Hawaii Housing Authority versus Midkiff Essay

Hawaii Housing Authority versus Midkiff (1984) Majority Opinion was argued 26 Mar. 1984, decided 30 May 1984 with Justice J. O’Connor delivering the opinion of the Court. Hawaii Housing Authority v Midkiff (1984) stands as one of the Supreme Court’s most referenced explanations of the requirement that any governmental taking of private property must be for a “public use,” as set forth in the Fifth Amendment of the United States Constitution. The Fifth Amendment of the United States Constitution states that “…private property [shall not] be taken for public use, without just compensation.” This case was a direct a challenge to a Hawaii statute, the Land Reform Act of 1967, that attempted to undercut a landowning oligopoly that had long tied up land titles in the state. Midkiff was part of that that landowning oligopoly.The Land Reform Act of 1967 permitted the state of Hawaii to redistribute land by condemning and acquiring private property from landlords (the lessors) in order to sell it to another private owner, in this case, their tenants (the lessees). The Hawaii State Legislature passed the Land Reform Act after discovering that nearly forty-seven percent (47%) of the state was owned by only seventy-two (72) private land owners. That meant that only forty-nine percent of Hawaii was owned by the State and Federal Govermnet.The contested statute gave lessees of single family homes the right to invoke the government’s power of eminent domain to purchase the property that they leased, even if the landowner objected. The challengers of the statue (the land owners) claimed that such a condemnation was not a taking for public use because the property, once condemned by the state, was promptly turned over to the lessee (a private …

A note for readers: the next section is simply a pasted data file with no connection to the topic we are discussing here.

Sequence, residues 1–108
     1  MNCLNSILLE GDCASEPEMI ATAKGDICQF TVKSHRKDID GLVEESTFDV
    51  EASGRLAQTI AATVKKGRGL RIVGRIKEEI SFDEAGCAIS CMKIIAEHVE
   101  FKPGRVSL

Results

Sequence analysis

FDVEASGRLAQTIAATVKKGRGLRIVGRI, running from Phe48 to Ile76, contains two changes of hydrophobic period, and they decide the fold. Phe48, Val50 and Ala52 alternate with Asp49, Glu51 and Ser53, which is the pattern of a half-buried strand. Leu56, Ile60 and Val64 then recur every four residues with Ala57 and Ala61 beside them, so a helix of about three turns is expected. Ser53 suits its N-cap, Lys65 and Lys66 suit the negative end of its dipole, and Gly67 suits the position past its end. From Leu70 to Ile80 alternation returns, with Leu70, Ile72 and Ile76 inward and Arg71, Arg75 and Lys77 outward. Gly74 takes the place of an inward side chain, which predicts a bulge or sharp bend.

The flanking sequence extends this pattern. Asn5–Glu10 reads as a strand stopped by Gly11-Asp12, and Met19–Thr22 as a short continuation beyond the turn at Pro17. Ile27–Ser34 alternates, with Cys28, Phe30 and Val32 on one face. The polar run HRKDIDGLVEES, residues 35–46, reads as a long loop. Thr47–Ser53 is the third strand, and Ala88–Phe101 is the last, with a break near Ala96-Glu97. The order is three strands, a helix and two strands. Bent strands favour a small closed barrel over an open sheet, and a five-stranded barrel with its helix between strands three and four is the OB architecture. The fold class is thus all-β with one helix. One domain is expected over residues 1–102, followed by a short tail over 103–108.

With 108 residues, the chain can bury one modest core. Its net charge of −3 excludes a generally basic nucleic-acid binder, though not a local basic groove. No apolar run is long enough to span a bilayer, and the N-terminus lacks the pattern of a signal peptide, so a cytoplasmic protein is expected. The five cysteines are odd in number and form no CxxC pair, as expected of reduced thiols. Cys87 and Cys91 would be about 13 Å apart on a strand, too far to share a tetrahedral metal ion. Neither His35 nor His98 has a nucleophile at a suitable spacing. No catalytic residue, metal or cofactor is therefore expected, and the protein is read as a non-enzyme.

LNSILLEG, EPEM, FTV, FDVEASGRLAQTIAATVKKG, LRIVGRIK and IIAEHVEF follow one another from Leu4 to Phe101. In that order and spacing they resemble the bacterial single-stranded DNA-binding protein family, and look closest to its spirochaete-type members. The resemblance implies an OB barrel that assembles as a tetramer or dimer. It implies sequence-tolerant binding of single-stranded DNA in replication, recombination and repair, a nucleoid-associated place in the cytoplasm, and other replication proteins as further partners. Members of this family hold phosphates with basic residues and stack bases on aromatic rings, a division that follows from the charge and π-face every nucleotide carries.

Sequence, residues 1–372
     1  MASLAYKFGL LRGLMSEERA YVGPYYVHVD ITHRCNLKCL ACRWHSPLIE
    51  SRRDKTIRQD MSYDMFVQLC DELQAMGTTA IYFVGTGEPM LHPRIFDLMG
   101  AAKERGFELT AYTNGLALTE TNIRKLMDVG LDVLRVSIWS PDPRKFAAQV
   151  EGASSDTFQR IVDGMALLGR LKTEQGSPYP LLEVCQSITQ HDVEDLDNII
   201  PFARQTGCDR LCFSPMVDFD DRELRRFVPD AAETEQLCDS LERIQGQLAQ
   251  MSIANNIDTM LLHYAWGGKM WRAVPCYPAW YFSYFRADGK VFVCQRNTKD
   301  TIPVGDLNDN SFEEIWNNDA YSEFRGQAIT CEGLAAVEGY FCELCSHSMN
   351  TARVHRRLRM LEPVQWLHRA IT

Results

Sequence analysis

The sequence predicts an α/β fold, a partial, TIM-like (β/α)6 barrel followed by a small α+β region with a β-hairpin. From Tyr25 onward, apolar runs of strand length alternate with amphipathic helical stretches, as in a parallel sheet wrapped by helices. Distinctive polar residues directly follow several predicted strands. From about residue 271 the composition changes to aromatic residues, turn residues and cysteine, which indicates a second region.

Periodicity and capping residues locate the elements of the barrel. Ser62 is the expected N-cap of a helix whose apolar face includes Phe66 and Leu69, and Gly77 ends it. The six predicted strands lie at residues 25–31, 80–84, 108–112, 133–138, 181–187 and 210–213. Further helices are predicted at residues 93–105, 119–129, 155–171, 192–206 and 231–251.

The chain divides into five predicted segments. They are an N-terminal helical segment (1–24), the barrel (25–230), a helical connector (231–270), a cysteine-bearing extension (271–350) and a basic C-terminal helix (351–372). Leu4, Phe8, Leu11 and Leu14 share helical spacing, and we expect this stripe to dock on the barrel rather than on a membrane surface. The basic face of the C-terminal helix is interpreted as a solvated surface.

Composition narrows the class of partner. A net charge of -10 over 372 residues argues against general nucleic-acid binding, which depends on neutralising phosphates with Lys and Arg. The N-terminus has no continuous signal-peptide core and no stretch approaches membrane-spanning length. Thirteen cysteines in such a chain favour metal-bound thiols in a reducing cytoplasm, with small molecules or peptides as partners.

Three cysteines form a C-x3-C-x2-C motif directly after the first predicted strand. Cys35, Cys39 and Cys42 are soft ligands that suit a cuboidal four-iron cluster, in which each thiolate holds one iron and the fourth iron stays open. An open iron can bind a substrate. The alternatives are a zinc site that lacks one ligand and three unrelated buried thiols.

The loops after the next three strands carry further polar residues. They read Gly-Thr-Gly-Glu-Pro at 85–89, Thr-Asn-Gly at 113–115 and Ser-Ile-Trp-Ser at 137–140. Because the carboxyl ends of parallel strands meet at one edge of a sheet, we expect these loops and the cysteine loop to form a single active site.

…udicial branch of the American government must be checked by the legislatures of states. To prevent instances like this from reoccurring, it is essential for state legislatures to take preventative steps and draft bills that would further limit the ability of the government to appropriate private property while still protecting private property owners. At the federal level, since it is abundantly clear from the case of Midkiff that the Supreme Court will defer to the Congress to define “public use,” a constitutional remedy needs to take place in the form of an amendment to the Constitution. It would be essential that an amendment to the Public Use Clause would specify the guidelines and standards of a “public use” to preserve the original intent of the legislative authors and provide the necessary private property protection to which all all Americans have a right.

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